This might require some explanation. The setup process that I’m talking about is not just to set up a production instance. We consider any installation of RavenDB to be worth a production-grade setup. This is a lesson from the database ransomware tales. I see no reason why we should learn this lesson again on the backs of our users, so a high priority was given to making sure that the default install mode is also the secure and proper one.
All the options that are ruled out in this post (provide your own certificate, set up DNS, etc.) are entirely possible (and quite easy) with RavenDB if an admin so chose, and we expect that many will want to setup RavenDB in a manner that fits their organization policies. But here, we are talking about the baseline install and we want to make it as simple and straightforward as we possibly can.
There is another problem with Let’s Encrypt for our situation: we need to generate a lot of certificates, significantly more than the default rate limit that Let’s Encrypt provides. Luckily, they provide a way to request an extension to this rate limit, which is exactly what we did. Once this was granted, we were almost there.
The way RavenDB generates certificates as part of the setup process is a bit involved. We can’t just generate any old hostname; we need to provide proof to Let’s Encrypt that we own the hostname in question. For that matter, who is the "we" in question? I don’t want to be exposed to all the certificates that are generated for the RavenDB instances out there. That is not a good way to handle security.
The key for the whole operation is the following domain name: dbs.local.ravendb.net.
During setup, the user will register a subdomain under that, such as arava.dbs.local.ravendb.net. We ensure that only a single user can claim each domain. Once they have done that, they let RavenDB what IP address they want to run on. This can be a public IP, exposed on the internet, a private one (such as 192.168.0.28), or even a loopback device (127.0.0.1).
The local server running on the user’s machine then initiates a challenge to Let’s Encrypt for the hostname in question. With the answer to the challenge, the local server then calls to api.ravendb.net. This is our own service running on the cloud. The purpose of this service is to validate that the user “owns” the domain in question and to update the DNS records to match the Let’s Encrypt challenge.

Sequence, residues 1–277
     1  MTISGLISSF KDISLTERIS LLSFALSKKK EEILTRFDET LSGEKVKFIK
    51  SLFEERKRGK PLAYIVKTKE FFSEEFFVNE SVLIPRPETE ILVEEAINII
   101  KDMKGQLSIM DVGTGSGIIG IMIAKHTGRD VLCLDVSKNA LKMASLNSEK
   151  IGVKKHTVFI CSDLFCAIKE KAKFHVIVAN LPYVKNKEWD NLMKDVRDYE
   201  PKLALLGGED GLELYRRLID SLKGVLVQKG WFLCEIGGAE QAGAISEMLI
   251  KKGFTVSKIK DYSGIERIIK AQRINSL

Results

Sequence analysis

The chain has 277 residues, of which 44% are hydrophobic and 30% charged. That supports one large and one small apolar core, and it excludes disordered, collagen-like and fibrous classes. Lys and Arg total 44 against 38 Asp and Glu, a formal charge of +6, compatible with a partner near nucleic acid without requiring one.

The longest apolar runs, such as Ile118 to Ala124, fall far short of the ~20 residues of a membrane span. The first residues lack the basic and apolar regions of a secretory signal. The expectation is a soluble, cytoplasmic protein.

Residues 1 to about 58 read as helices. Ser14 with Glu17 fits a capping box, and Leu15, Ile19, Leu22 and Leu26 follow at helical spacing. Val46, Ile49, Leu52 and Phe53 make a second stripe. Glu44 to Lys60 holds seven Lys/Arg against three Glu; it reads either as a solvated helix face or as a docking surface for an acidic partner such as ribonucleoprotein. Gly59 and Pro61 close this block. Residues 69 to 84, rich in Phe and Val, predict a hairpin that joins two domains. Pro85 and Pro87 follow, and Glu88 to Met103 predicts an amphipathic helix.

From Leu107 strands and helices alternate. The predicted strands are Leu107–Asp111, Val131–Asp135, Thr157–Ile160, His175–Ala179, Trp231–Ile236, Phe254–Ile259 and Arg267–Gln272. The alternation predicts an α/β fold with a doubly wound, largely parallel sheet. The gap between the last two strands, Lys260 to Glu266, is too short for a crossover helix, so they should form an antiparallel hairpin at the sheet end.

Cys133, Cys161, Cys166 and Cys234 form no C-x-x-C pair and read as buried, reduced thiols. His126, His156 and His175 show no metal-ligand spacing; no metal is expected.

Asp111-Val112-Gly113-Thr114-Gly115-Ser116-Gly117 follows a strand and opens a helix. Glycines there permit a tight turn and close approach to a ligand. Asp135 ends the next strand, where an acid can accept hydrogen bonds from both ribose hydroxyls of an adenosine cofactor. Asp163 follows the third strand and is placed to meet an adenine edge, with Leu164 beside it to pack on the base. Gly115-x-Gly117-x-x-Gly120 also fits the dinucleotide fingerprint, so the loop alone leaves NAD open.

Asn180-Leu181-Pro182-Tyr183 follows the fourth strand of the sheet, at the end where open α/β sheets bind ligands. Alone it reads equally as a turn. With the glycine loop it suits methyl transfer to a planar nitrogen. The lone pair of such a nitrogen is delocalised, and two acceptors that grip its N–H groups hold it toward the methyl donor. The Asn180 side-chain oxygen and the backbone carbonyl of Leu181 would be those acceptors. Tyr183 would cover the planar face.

The local server can then go to Let’s Encrypt and ask them to complete the process and generate the certificate for the server. At no point do we need to have the certificate go through our own servers; it is all handled on the client machine. There is another thing that is happening here. Alongside the DNS challenge, we also update the domain the user chose to point to the IP they are going to be hosted at. This means that the global DNS network will point to your database. This is important because we need the hostname that you’ll use to talk to RavenDB to match the hostname on the certificate.
Obviously, RavenDB will also make sure to refresh the Let’s Encrypt certificate on a timely basis.
The entire process is seamless and quite amazing when you see it. Especially because even developers might not realize just how much goes on under the cover and how much pain was taken away from them.
We run into a few issues along the way and Let’s Encrypt support has been quite wonderful in this regard, including deploying a code fix that allowed us to make the time for RC2 with the full feature in place.
There are still issues if you are running on a completely isolated network, and some DNS configurations can cause issues, but we typically detect and give a good warning about that (allowing you to switch to 18.104.22.168 as a good workaround for most such issues). The important thing is that we achieve the main goal, seamless and easy setup with the highest level of security.